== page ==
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Remember panorama eggs? You can make them

Thursday, April 05, 2001

By Kathleen Ganster

Panorama eggs are back in vogue, and you can create them at home for your Easter celebration.

This lovely panorama egg is easier to make than you might think. (Darrell Sapp, Post-Gazette)

Mike Novak, owner of the North Star Market Cooking School in Richland, said he's always loved these sugar eggs with the little scenes inside. He explained how the sugar egg custom came from Europe: "They were created by the great European chefs who enjoyed sugar art. It is a food art that goes back to our roots."

That's why he asked art teacher and cooking instructor Eileen Gilson to teach a class on how to duplicate these treasures at home.

"I always make a few of these at Easter for friends," she said. "It isn't that hard."

Student Brian Houston found it easier than he thought it would be. "I thought it was pretty easy but it definitely is time-consuming."

It also requires patience and correct timing.

The first step is to make the actual sugar egg. Gilson likes using superfine granulated sugar to make a more delicate-looking egg. "You can use regular granulated sugar, though, and it will work fine."

After mixing the sugar base, press the mixture into the egg molds. "You can use any molds that you have at home. If you have different shapes that you want to try, go ahead," she said.

The eggs are turned out onto a cookie sheet to bake, or they can air dry. Because time is tight in a cooking class, the students baked the eggs. That is where the timing comes in.

A student in the panorama egg class at North Star Market Cooking School in Richland puts the finishing touches on the inside scene of her egg. (Annie O'Neill, Post-Gazette)

Even a cooking class has the occasional boo-boo. Although Gilson recommended approximately 10 minutes for baking, most of the eggs were too hard to move on to the next step -- hollowing them out. "We have plenty of sugar; let's start all over," she said, "I don't want you to get frustrated."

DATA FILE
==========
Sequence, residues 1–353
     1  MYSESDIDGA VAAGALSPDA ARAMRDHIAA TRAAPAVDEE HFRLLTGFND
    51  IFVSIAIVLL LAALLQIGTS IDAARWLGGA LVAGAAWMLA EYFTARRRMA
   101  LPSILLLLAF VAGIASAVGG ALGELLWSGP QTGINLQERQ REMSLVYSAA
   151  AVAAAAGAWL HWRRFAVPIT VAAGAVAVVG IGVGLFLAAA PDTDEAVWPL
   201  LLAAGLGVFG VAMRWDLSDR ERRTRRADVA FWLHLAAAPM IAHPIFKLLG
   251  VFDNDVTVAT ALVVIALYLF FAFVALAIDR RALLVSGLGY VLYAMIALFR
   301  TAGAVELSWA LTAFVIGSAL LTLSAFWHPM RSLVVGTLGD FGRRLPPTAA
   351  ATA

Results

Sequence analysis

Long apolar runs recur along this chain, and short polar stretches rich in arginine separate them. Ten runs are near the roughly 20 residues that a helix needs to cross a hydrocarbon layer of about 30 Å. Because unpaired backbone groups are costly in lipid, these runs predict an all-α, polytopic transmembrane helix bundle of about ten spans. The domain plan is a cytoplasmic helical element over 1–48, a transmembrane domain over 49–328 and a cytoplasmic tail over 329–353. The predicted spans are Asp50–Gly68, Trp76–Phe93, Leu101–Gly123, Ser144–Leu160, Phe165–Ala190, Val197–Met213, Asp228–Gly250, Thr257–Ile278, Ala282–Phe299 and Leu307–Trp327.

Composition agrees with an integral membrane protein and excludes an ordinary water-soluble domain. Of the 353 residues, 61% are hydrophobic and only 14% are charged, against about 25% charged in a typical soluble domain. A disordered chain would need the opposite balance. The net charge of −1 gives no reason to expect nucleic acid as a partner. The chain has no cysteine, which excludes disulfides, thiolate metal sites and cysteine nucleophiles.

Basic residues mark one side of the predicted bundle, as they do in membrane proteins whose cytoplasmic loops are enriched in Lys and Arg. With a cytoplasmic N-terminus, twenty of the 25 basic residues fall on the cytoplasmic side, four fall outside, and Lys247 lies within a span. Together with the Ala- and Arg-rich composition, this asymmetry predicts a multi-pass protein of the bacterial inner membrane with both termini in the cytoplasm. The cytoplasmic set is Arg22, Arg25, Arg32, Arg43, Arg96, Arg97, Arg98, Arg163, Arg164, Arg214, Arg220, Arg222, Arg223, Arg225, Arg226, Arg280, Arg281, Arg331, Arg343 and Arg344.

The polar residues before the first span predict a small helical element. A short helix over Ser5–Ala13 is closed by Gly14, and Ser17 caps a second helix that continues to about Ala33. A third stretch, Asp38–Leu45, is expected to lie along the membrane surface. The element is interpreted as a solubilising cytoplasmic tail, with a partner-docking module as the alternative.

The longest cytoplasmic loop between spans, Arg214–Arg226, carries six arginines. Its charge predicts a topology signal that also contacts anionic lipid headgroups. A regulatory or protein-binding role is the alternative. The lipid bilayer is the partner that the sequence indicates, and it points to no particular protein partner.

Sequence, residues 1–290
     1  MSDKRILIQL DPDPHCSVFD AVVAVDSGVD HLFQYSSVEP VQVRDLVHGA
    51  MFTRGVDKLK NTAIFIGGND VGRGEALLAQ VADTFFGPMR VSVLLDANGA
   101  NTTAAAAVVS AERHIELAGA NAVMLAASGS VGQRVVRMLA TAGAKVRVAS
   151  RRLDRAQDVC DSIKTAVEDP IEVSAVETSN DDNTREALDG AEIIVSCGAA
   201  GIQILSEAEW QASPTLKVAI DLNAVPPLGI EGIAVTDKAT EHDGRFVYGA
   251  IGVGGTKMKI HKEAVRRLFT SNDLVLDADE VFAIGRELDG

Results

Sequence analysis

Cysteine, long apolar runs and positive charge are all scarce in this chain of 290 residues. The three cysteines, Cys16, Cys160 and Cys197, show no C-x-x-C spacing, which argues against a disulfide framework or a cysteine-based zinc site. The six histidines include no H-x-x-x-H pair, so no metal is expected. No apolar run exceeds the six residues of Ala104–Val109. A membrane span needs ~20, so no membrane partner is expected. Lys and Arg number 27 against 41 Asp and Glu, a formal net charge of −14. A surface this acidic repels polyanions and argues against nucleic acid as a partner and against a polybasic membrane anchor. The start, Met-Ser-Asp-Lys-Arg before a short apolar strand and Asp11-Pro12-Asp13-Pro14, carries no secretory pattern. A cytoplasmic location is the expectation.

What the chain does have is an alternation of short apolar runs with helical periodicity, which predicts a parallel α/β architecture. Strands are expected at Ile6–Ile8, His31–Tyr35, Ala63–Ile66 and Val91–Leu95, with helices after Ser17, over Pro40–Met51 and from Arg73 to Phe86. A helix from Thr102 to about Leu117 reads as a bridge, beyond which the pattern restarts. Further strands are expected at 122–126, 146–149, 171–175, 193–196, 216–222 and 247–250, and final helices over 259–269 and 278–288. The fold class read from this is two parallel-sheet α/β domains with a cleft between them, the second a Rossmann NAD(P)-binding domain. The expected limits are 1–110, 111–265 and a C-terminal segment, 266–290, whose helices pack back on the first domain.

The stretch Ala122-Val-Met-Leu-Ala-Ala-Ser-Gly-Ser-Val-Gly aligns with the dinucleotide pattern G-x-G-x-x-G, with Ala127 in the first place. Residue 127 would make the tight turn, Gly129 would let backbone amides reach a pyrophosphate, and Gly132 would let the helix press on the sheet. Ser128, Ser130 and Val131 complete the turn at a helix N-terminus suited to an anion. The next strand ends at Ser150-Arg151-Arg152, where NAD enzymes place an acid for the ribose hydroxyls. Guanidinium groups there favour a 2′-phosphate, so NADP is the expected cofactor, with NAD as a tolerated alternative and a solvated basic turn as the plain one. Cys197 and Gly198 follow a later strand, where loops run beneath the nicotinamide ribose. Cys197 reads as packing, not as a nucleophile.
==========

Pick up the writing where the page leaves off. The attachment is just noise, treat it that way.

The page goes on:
The next go around, the students baked the eggs for 6 minutes and had better luck.

Gilson, an art teacher, uses X-acto knives to carve out her eggs. "I have access to the knives but you can use a regular paring knife."

Gilson instructed students to leave about an 1/8 -inch-thick wall and hollow out the middle of their eggs. Although the shells are delicate, cupping them in the palm of the hand lets them hold up fairly well. Again, patience helps.

The eggs crack if too much pressure is applied. A few students went through two or three egg halves until they got the hang of the carving.

Next comes the fun part -- decorating the eggs inside and out. Gilson had selected miniature animals, flowers and eggs at a local cake supply store and had created some of her own icing flowers for the class. The students had whipped up royal icing that they used to "glue" the scenes to the bottom of one half of the eggs. With the icing dyed green, it looked like grass on the bottom of the egg.

The interior of the panorama egg can feature anything you want as long as there is enough room to "glue" the top half of the egg. (Darrell Sapp, Post-Gazette)

"Remember, you are going to be putting the top on these. Make sure you have enough room," Gilson said. "After you put a few things in, put the lid on and see how it looks."

A student asked if they could use pictures from cards or other trinkets.

"Sure, you can put anything in here. If you cut out a picture, leave some space or tabs on the bottom to stick in the icing. And remember your top egg is going on," said Gilson.

Eggs are then "glued" together with piped icing and decorated on top. "You can be as creative as you like," said Gilson.

Houston, Franklin Park, is a senior at the Gow School in Buffalo, N.Y., and plans to study culinary arts in the fall. "My mom told me about the class, and I know I will have to take some baking classes, so I thought this would be fun. I'm on one of my breaks right now, so it worked out."

He was pleased with the results. "It turned out pretty good. I think I'll make some more," he said.

After all that work, it's good to know the eggs can last and last. "I have some that I have collected from the 1920s," said Novak.

Gilson added, "There are only a few things that can hurt these. One is children who want to eat them and the other is moisture."

Kathleen Ganster is a Hampton free-lance writer.

Panorama eggs:

Sugar Molding & Royal Icing

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